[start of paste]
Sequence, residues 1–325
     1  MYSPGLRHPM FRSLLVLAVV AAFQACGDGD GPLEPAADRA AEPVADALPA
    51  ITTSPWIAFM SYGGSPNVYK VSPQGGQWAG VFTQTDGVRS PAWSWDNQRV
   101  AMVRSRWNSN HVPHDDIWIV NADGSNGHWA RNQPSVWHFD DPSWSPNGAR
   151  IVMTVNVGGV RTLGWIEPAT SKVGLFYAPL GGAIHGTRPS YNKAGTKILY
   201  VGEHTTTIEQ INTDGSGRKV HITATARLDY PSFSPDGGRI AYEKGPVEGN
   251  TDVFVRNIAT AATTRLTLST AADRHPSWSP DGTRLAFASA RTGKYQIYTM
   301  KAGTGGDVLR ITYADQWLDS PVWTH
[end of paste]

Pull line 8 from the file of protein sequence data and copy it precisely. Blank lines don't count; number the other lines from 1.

   301  KAGTGGDVLR ITYADQWLDS PVWTH